Italy passes 10,000 coronavirus infections as clusters spur worry in US
An increasingly locked-down Italy counted more than 10,000 infections
ROME (AP) — Expanding clusters of the new coronavirus were eyed warily Wednesday as the outbreak upended daily life and reshaped everything from the United States presidential race to Pope Francis' travel.
In the U.S., the caseload passed 1,000, and outbreaks on both sides of the country were stirring alarm, while in Europe, an increasingly locked-down Italy counted more than 10,000 infections and recorded soaring deaths among its aging population.
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"Right now, the epicenter — the new China — is Europe," said Robert Redfield, the head of the U.S. Centers for Disease Control and Prevention.
Rome's usual boisterous hum was reduced to a whisper as Italy's 62 million people were told to mostly stay home. Though shops, cafes and restaurants remained open, police around the country were enforcing rules that customers stay 1 meter (3 feet) apart and certain businesses shutter by 6 p.m.
Authorities said 631 people have died of COVID-19 in Italy, with an increase of 168 fatalities recorded Tuesday. The health crisis was dealing a serious blow to the country's economy — the third-largest of the 19 countries using the euro — and threatened instability worldwide.
Markets across Asia dropped Wednesday despite Wall Street's gains a day earlier. Investors seemed encouraged by promises by U.S. President Donald Trump of a relief package to cushion economic pain from the outbreak. Governments around Asia and elsewhere have also announced billions of dollars in stimulus funds, including packages revealed in Japan on Tuesday and Australia on Wednesday.
"Investors are still worried that those fiscal stimulus packages may not be able to contain the virus outbreak as well as to mitigate the impact on the economy," said Louis Wong of Philip Capital Management.
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For most, the coronavirus causes only mild or moderate symptoms, such as fever and cough. But for a few, especially older adults and people with existing health problems, it can cause more severe illnesses, including pneumonia. More than 119,000 people have been infected worldwide and over 4,200 have died.
The virus has disrupted travel, closed schools and halted manufacturing in places around the globe.
The Vatican's representative to the half-island nation of East Timor said Wednesday that an expected visit by Pope Francis, though never made official, would not happen later this year.
Francis' Wednesday audience — typically a boisterous affair that fills St. Peter's Square or the Vatican auditorium with tens of thousands — was instead held in the privacy of his library and shared by livestream. The square was empty, with Vatican City adopting Italy's lockdown measures.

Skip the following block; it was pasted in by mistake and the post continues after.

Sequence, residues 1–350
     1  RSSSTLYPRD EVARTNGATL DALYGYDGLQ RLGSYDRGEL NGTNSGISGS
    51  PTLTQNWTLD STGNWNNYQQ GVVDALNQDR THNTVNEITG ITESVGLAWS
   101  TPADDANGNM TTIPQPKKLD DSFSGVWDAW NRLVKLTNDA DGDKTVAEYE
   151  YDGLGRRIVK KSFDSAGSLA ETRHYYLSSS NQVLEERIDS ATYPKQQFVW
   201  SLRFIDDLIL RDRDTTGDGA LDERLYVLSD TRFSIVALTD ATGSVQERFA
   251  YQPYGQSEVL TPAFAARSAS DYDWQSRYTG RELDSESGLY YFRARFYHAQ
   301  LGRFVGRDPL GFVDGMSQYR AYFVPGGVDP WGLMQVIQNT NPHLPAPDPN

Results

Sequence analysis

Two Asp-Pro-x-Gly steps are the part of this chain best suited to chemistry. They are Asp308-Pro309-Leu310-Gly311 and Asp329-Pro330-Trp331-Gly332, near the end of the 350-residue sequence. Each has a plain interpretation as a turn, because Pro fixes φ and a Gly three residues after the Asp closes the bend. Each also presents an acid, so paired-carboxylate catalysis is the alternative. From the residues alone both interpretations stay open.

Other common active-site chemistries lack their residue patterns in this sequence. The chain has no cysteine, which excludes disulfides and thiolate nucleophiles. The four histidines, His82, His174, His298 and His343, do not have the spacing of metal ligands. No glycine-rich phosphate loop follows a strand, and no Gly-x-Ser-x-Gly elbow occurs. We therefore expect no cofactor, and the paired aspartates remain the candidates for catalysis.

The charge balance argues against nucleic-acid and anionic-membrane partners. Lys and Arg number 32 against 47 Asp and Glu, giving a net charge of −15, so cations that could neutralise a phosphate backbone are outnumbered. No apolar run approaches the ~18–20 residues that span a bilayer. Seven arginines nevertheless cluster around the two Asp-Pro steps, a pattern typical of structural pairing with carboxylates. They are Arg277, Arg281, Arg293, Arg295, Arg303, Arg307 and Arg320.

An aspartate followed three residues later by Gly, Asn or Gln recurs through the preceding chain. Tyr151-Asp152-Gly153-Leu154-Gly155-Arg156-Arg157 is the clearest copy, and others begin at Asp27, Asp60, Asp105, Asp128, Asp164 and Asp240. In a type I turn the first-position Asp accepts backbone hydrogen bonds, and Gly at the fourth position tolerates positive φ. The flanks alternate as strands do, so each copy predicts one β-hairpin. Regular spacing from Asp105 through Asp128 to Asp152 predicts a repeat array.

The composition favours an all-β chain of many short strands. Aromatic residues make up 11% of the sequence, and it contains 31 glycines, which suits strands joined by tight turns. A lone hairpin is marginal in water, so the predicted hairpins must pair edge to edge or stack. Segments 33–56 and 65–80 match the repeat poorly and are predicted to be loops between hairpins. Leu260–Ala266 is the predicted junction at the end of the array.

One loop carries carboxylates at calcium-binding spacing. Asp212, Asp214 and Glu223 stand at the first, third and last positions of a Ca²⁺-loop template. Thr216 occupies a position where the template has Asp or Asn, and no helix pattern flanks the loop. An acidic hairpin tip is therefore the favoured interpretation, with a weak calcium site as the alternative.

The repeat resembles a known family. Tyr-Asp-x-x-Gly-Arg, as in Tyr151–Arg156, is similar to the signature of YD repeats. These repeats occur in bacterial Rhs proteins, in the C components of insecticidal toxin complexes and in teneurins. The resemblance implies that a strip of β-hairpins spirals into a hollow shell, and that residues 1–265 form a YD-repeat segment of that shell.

In the U.S., dozens of cases were being tied to a conference in Boston, and leaders in multiple states were announcing curbs on large events. Colleges around the country emptied their classrooms as they moved to online instruction and uncertainty surrounded the upcoming opening of the major league baseball season and college basketball's championships. Even the famed buffets of Las Vegas were affected, with some of the Strip's biggest being closed in a precautionary measure.
"It's terrifying," said Silvana Gomez, a student at Harvard University, where undergraduates were told to leave campus by Sunday. "I'm definitely very scared right now about what the next couple days, the next couple weeks look like."
New York's governor said National Guard troops would scrub public places and deliver food to a suburb where infections have spiked. In Washington state, where a Seattle-area nursing home was the center of an outbreak, officials said the virus had spread to at least 10 other long-term care facilities. In California, thousands of restless passengers remained stuck aboard a cruise ship, waiting for their turn to disembark to begin quarantines.
Two men vying to take on Trump in the U.S. presidential election abruptly canceled rallies Tuesday and left open the possibility that future campaign events could be impacted, too. Trump's campaign insisted it would proceed as normal, though Vice President Mike Pence conceded future rallies would be evaluated "on a day to day basis."
It was all evidence of the continuing westward push of the virus. In China, where it first cropped up, officials said they'd counted only 24 new cases on Wednesday.
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In a reversal of positions, China is seeing new cases brought in from overseas. In Beijing, the capital, all the new cases of COVID-19 reported on Wednesday came from outside the country, five from Italy and one from the United States.
"The epidemic situation is at a low level and the prevention and control are continuously going well," said Mi Feng, spokesman for the National Health Commission.
The province at the center of China's virus outbreak said Wednesday that manufacturers, food processors and other businesses deemed essential to the national economy or providing daily necessities can resume operation.
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The other major outbreak site in Asia, South Korea, continued to report improving numbers, too, with 242 new cases announced Wednesday. Still, a cluster of infections connected to a call center in one of the busiest areas of that country's capital was raising alarms.